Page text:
Tip-off!

Usually, the illustrious names that have been mentioned above do their best at every major Indian sports event to find the most comfortable sofa seats courtside, sip in the finest local chai, and make sure that there is an extra timeout called in every top game so that they can be introduced midcourt to the diligently lined-up players. But this time, it will be the VIPs taking the court while our top players sit on the bleachers and watch. Unhappily.

With more aggressive intent to their side, Team Roopam try to control the pace of the game, running and gunning from the get go and trying to put as many points on the board early in the first quarter. There are a lot of turnovers, bad passes, and individuals attempting to play one-on-one hero-ball, but due to the sheer number of their attempts and their opposition’s slow start, Team Roopam are able to take a double digit early lead.

But as the game moves along, Team Govindraj grind the pace down to their comfort level and defend hard in the post. The game takes an even uglier twist as neither side is able to make their field goals anymore. There are a lot of stoppages, and with the help of the free-throw line, Team Govindraj crawl back to tie the game by halftime.

‘Fans’

The score-keepers seated on the side are representatives from the Indian Olympics Association (IOA) and judges from the Delhi High Court. Despite their best efforts, they have a difficult time keeping track of the awry field goal percentages from both sides.

Meanwhile, representatives from IMG Worldwide and Reliance Industries – the partnership of the two powerful companies that brought sponsorship rights to the BFI five years ago –watch and judge the game from the sidelines, scouting for the finest prospects to work with to help develop the game in India in the future. IMG-Reliance have been hoping to help the BFI launch India’s first professional basketball league, a process that seems to have been suspended consistently over the past few years. Other sponsors are present too, watching the tamasha, as are representatives from the NBA and NBA India, who have vested interest in the long-term development of the sport after these intriguing Federation Games.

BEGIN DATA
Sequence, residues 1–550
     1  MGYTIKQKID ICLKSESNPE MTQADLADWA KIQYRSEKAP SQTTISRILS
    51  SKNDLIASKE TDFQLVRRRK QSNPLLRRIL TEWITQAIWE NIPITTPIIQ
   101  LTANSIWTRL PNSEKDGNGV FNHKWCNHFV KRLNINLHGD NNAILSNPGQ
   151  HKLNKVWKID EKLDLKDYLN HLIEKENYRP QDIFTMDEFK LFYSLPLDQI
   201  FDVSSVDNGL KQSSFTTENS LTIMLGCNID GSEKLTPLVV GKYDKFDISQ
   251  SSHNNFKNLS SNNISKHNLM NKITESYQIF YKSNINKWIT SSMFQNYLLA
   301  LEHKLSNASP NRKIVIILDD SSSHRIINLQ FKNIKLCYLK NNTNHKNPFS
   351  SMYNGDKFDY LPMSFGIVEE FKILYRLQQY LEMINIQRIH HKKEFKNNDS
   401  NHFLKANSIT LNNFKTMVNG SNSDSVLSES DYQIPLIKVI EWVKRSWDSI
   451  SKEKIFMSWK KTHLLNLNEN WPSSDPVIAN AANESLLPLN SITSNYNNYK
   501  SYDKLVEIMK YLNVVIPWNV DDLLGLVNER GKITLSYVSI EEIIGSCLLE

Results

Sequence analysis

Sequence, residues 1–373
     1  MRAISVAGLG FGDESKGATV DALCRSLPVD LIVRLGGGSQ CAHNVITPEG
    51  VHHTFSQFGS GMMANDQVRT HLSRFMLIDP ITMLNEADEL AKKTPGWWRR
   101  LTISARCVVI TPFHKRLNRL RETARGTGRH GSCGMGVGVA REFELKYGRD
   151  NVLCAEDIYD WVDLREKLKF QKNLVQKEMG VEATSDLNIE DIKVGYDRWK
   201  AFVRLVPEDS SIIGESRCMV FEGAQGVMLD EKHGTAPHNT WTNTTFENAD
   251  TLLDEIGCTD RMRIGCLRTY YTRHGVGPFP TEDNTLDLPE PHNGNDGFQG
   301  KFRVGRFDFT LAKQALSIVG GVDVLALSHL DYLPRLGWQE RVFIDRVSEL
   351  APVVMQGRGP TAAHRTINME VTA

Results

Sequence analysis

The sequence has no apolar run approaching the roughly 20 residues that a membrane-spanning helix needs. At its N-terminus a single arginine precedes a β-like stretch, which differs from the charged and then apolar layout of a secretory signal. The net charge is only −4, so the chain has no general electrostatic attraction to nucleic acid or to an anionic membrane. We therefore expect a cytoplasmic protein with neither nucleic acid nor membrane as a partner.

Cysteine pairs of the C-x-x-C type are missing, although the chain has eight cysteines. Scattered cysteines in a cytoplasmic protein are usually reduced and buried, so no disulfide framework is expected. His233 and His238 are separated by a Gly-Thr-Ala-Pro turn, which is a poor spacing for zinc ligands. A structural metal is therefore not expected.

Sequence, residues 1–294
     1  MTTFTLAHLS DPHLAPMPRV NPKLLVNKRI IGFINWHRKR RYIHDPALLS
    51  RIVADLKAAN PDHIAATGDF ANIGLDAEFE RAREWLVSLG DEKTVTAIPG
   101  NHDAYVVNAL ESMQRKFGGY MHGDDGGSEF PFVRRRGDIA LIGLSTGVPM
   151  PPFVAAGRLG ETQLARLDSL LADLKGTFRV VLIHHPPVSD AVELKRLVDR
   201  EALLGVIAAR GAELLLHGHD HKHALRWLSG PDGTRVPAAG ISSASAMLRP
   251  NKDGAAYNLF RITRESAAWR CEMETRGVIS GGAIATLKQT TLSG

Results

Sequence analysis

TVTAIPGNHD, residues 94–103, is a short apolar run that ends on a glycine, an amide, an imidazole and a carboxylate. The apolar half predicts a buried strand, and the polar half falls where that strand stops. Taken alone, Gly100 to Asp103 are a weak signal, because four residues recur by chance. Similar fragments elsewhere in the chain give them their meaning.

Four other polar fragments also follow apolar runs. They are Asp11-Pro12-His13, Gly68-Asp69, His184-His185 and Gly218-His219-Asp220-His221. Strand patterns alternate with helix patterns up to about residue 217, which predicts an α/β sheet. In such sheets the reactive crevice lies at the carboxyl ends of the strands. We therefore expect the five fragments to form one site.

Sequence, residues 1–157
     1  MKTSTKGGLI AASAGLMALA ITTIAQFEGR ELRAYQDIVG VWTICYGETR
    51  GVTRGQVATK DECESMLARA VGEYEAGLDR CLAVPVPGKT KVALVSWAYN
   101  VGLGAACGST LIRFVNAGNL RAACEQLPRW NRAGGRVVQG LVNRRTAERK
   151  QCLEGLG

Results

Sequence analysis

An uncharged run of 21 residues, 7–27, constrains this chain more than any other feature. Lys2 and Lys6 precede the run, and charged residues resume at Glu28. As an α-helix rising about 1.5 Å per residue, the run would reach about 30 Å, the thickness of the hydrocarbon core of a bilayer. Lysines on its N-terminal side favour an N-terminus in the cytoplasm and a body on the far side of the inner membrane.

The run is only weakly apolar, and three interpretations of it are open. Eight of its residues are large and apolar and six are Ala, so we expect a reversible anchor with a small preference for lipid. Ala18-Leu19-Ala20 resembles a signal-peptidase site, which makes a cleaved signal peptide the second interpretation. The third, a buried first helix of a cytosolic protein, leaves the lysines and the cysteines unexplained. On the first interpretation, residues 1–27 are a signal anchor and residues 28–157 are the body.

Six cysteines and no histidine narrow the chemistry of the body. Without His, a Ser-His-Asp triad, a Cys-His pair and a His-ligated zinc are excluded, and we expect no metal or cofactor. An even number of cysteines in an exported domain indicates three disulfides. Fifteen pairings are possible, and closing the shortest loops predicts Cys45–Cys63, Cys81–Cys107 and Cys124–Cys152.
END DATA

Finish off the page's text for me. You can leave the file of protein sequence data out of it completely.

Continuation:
The camera pans from the sponsors and CEOs to the other end, where India’s best players and coaches – the individuals who should actually be the stars of the Indian basketball story – are seated. About 10 months ago, Coach Scott Flemming and his team’s top players like Amrit Pal Singh, Amjyot Singh, Vishesh Bhriguvanshi, and more helped India get a historic first win over China at the FIBA Asia Cup. Two years ago, India’s Women’s team – represented here by Coach Francisco Garcia, legendary player Geethu Anna Jose, Anitha Paul Durai, Jeena PS and others – helped India finish at their best-ever fifth place at the FIBA Asia Championship for Women. Jose was even conferred an Arjuna Award  this year.

(None of these accolades are mentioned of course because Indian basketball achievements weren’t the top priority at this basketball game).

Hundreds of more children, all of whom are basketball enthusiasts hoping to become stars for India and abroad, sit terror-stricken on bleachers around the stadium. Many concerned coaches reach over to them and cover their eyes to save them from the horrors ahead.

Second Half

Both teams start the second half with their more experienced players. For Team Roopam, coaches like Chhattisgarh’s Rajesh Patel, India’s junior coach Vinod Vachani, and Delhi’s Ashok Rangeen pit their collective strategies together to get some easy baskets for their team. For Team Govindraj, president Govindraj himself shows some moves from his playing days for Karnataka, while L. Suren rises off the bench to provide some defensive stops. Unfortunately, Team Roopam’s marquee player – president Poonam Mahajan – is confounded by the game that she is supposed to be presiding.

As the audience is subjected to a fourth quarter that no one wishes to watch, the game turns contentious, with the referees’ whistles threatening to steal the spotlight. An outlandish number of calls start going Team Roopam’s way, who opponents complain are winning the advantage due to political threats and blackmail. Team Roopam are unable to take advantage of the opportunity, however. The FIBA Commissioners presiding over this game – who have recently recognized Team Govindraj as the rightful office-bearers of the BFI – neutralize the refereeing scandal with imbalanced overseeing from their end.

By the final whistle, neither team has put up a particularly impressive score, all the players on court have picked up flagrant and technical fouls, and none of the fans are having a good time.

Final Whistle

Nobody is sure who won the game, but everyone knows that basketball lost.